Dreaming: Our Internal Therapy-III

As I discussed in earlier posts, dreaming actually helps us with our worries, stressful situations, and our feelings towards them.

The natural therapy that dreaming provides can be accelerated and strengthened with external support (Rock, 2005), like family and friends, therapy, programs designed to help with the problem (like Sleep’n Sync), or any conscious intervention that addresses the current stressful or traumatic experience.
A traumatic experience and how the brain naturally process it is an extreme example in how our brains tend to heal us through dreams. Usually the brain is constantly active in our dreams, it creates them with our current concerns and anxieties. Let’s take a case of a pregnant woman: at the first stages of her pregnancy she can dream about her body being deformed and ugly, reflecting her anxiety about the changes happening in her body and the fear that she will not be attractive anymore. Later on in her pregnancy, she could dream about her baby, her baby’s appearance, or a way in which she cannot handle some aspect of motherhood, reflecting her anxiety in her new unknown role of mother, and her worries of how her baby would look like.
What really helps in dreaming is not the dreams themselves, which are more likely to be forgotten soon after we wake up. The part of dreaming that is really helpful is the forming and reforming of connections in different neural networks (Rock, 2005).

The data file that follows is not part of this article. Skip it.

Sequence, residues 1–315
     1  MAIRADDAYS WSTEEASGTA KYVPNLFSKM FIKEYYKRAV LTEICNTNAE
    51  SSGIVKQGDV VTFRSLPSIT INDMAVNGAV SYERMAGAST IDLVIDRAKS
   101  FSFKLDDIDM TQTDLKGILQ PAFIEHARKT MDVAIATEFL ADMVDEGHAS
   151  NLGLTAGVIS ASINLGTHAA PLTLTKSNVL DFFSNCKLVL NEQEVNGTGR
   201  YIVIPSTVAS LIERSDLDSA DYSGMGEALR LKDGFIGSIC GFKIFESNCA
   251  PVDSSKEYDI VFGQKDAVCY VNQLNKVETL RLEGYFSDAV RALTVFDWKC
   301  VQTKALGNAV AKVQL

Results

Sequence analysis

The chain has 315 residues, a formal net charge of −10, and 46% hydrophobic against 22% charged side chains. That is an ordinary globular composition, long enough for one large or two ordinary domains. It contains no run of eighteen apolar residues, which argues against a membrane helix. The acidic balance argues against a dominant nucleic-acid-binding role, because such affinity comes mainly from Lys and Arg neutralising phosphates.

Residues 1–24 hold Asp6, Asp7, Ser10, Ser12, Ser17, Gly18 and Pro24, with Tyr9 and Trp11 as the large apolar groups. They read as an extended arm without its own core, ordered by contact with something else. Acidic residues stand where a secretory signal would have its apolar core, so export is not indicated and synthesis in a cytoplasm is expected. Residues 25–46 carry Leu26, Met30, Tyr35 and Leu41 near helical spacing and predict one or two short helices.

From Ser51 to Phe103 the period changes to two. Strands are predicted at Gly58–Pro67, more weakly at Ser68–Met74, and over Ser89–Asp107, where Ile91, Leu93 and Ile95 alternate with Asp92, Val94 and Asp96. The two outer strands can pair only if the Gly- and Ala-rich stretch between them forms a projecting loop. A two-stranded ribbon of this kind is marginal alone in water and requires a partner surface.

What our brain does when we dream is a physiological process that some times reinforces older memories, and other times makes new links and connections, integrating new experience and therefore updating our mental model of ourselves and our surroundings. The purpose of dreaming is to integrate information that is important to our lives, even when we don’t remember our dreams.
What happens when we do remember our dreams? We get an insight into clues that tell us what is really worrying us, and point out our emotional concerns which we might have been unaware of, or we might not want to think of them, but that are important to us.
Let’s go back to our pregnant woman, she is now in her third trimester of her pregnancy and she is having nightmares, that she clearly recalls, in which she is holding a baby, a warm and smallbaby, but when she looks at her baby’s face she realizes it is deformed, like a monster…in that moment she wakes up in panic…
This nightmare reflects her worries for her baby, how will she be born?, will she be all right? healthy? complete? etc…all the worries we (mothers) go through while pregnant…consciously we might know the baby is coming all right, since we’ve been to the doctor regularly, got an ultrasound, and other tests that don’t show any cause for worry, however we know there are still some risks, even when they are extremely low…
How to deal with this? One thing that can help is to change our dream. How? We can consciously change the dream as we want it to be while awake, and we can rehearse it over and over again (awake).
In our example, the pregnant woman can consciously replay her dream until the moment in which she looks at her baby’s face, in that moment she will look at the face of a healthy and beautiful baby, and she will be happy and joyful with her child. Then she can rehearse this new consciously created dream over and over again.
Why does this work? When we have nightmares that we can recall, we can indeed make them better by replaying them while awake, which is a different setting in itself, and changing consciously some elements of the dream so that we make it a good dream instead of a nightmare, then consciously rehearsing this new dream will indeed translate partially into the actual dream at night, making it less disturbing. This happens because our brain recalls our mental instructions, or autosuggestions, in how the dream should be, and incorporates them into the actual dream.